Antique clocks can give as good a return as any bank, according to dealers, and they are also lovely things to have about the house.
'If you buy a good quality clock and it doesn't go up 20% in value over five years, I'll eat my hat,' says Mark Rackham of Gem Antiques in Sevenoaks, Kent.
'I once bought a clock for 60 that I sold on the following year for 10,000, though I admit that only happens once in a blue moon.'
As more people want to buy antique clocks, and as there were only a certain number made, investing in them is practically risk free.
'Even if the whole economic roof comes in, as it did in 1991-92, people will still make good money on quality clocks,' says Rackham.
The golden rule is to buy something you like, and to the best quality you can afford - penny pinching doesn't work.
'You should expect to pay upwards of 1,700 for a small 30-hour clock and upwards of 2,500 for the painted dial eight-day longcases.
'If anyone offers you one of the older brass dial clocks for under 3,500, I'd be very suspicious indeed,' says Rackham.
According to Mark Connor of Decanter Magazine, now is not the time to invest in fine wines.
'Everything is over-priced at the moment and the market cannot support it. A lot of merchants have large stocks of un-sold 1997s, for example, so prices will soon fall. You are better off toasting the arrival of a fat bonus with something you will really enjoy drinking.'
Connor suggests Chateau Latour 1961, which is up for auction at Christies next month.
A case of six magnums is expected to fetch between 8,500 and 10,000.
Michael Broadbent of Christies says: 'Chateau Latour is the most powerful and masculine of all the clarets. The style of the wine can be attributed to both its high proportion of cabernet sauvignon and its unique terroir and microclimate. It's a huge, packed, fleshy, austere but magnificent wine - almost chewable.'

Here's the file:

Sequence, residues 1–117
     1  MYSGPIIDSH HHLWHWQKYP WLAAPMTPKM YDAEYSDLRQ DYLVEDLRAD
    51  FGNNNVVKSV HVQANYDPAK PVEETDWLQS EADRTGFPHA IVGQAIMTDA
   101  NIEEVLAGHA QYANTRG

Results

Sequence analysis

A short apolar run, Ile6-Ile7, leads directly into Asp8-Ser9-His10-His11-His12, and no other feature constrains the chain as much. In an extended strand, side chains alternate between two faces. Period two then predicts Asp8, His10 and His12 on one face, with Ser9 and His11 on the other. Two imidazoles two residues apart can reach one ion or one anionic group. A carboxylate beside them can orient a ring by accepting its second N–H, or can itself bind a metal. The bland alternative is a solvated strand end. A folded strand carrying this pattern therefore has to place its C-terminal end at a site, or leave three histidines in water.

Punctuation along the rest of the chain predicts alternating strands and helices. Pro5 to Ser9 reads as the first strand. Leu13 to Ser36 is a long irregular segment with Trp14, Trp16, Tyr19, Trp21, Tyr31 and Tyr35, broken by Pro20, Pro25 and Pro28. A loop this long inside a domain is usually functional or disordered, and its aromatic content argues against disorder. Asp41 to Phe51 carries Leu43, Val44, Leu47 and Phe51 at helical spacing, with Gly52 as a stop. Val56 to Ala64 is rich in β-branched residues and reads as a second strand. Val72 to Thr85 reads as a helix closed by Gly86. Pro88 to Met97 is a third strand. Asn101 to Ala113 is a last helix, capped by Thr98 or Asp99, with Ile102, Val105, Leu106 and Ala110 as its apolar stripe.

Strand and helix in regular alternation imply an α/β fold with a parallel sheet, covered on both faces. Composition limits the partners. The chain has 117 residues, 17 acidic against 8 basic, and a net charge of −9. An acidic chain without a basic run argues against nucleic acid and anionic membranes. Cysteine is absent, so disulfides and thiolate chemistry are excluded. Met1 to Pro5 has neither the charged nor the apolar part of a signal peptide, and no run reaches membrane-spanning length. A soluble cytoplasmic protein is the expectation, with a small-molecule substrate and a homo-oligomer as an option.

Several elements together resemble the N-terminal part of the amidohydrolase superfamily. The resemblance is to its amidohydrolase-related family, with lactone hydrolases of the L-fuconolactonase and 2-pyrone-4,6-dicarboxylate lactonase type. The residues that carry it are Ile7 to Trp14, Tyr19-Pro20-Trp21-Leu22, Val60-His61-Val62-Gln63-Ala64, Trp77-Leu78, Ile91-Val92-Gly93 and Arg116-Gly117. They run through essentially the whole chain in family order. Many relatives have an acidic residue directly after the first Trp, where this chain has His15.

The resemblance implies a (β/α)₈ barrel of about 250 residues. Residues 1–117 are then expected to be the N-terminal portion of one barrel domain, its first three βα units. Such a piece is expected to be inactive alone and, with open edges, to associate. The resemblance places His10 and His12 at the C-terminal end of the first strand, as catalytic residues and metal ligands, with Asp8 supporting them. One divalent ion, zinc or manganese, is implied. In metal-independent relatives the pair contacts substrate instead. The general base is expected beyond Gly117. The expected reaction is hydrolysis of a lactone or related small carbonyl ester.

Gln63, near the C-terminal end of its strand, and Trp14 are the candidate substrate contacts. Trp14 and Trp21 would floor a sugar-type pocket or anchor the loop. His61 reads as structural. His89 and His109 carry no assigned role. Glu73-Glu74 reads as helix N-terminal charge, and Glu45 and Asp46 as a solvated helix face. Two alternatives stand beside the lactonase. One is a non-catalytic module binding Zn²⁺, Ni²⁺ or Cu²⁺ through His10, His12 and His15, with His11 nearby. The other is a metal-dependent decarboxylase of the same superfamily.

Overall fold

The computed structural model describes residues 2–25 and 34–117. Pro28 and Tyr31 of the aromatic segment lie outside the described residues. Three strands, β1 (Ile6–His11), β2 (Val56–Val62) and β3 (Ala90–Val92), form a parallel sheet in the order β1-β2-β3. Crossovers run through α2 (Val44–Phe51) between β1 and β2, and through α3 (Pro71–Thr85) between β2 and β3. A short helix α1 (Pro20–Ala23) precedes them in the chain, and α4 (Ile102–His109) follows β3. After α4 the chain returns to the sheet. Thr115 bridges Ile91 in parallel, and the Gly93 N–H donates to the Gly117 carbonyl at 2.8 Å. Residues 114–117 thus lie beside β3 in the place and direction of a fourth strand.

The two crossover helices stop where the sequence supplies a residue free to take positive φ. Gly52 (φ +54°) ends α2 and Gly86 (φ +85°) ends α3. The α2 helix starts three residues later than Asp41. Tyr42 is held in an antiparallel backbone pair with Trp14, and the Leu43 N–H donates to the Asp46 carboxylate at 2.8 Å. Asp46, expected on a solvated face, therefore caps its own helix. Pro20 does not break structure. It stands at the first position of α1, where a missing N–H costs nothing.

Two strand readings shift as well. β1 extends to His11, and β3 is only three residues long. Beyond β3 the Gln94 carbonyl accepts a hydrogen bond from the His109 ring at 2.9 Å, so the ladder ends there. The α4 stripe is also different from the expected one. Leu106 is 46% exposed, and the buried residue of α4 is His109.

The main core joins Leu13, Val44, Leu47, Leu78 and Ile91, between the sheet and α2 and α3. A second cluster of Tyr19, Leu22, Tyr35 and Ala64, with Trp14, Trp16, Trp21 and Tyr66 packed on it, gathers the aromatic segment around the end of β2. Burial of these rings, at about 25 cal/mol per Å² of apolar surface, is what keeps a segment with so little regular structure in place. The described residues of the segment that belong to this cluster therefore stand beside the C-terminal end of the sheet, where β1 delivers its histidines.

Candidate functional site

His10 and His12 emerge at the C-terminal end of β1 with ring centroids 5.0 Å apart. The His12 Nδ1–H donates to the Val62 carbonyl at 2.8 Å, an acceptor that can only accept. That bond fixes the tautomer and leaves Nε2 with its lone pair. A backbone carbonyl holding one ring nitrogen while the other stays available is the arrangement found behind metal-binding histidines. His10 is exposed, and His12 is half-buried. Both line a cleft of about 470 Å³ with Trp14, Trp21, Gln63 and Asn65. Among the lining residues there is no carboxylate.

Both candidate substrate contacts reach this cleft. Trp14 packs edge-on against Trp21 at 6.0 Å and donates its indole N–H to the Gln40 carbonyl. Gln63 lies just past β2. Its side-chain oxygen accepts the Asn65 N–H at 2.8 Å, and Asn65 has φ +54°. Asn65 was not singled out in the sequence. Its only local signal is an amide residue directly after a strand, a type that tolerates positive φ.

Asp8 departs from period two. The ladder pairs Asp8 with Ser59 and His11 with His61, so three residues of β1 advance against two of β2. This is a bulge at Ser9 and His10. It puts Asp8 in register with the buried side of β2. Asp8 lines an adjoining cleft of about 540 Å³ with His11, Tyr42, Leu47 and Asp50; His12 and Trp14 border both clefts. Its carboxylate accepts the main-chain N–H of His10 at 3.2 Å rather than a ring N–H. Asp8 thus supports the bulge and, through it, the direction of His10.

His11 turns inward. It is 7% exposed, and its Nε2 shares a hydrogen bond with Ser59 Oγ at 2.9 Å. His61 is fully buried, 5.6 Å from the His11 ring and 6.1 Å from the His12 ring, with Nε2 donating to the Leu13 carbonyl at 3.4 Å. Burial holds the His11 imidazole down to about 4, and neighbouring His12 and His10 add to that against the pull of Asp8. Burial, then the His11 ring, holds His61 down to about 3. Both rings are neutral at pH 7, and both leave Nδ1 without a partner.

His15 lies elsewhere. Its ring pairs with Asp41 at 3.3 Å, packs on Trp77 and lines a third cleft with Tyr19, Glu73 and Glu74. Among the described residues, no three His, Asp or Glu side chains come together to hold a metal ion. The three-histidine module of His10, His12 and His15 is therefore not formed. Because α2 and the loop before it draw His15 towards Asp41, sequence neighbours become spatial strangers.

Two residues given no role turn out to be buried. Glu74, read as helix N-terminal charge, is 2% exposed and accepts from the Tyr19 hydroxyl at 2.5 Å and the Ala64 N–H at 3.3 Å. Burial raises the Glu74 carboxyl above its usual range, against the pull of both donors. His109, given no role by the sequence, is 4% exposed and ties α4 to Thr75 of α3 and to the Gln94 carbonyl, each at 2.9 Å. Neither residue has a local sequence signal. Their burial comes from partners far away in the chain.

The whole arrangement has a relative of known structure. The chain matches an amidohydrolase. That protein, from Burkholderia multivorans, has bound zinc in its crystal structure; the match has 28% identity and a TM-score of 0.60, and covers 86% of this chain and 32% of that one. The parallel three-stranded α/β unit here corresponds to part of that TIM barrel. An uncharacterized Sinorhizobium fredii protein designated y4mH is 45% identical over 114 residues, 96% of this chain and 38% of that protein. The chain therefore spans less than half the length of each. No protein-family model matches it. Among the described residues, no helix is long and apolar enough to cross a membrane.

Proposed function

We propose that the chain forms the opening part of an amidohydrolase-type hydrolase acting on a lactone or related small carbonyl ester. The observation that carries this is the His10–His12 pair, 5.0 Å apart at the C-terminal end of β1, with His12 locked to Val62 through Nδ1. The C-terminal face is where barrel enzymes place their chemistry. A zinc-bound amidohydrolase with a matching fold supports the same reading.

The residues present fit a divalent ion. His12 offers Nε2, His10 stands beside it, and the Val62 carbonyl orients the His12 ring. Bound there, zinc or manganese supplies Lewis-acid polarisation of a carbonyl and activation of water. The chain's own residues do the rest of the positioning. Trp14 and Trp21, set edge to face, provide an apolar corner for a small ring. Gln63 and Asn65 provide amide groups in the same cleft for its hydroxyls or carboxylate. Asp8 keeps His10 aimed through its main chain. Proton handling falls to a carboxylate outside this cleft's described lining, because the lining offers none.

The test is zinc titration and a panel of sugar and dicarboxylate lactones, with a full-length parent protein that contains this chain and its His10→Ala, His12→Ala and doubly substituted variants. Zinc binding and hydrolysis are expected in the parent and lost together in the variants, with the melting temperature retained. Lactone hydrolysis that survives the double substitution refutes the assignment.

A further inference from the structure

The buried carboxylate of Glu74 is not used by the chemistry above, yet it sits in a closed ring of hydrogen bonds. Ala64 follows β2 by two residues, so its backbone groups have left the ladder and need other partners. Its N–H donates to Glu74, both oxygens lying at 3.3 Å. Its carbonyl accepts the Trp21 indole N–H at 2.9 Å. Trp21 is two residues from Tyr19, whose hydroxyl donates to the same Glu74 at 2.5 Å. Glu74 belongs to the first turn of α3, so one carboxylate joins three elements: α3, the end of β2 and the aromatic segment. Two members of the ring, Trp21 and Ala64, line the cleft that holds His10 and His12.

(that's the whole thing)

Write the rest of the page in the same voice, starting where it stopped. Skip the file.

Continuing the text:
The Latour vineyard, smallest of the grands crus, covers 60 hectares and is said to be 'exceptional in the depth of its gravel soils and the excellence of its drainage'.
A diamond is pure, or nearly pure carbon. It is the only gem mineral composed of a single element, and is the hardest transparent substance known to man.
Carats refer to the weight of the stone, while VS refers to the clarity grade.
These Tiffany & Co diamonds contain very slight crystals, feathers or clouds, but these are not flaws visible to naked eye.
F-G refers to the colour grades - in this case they are on the cusp of colourless and near-colourless.
But it is the cut of a diamond, more than any other factor, that determines its brilliance and beauty.
Most diamonds are cut to maximise weight, but a for optimum brilliance, precise proportions must be achieved.
At Tiffany's, a classic round diamond is cut with some 58 facets, all in precise geometric relation.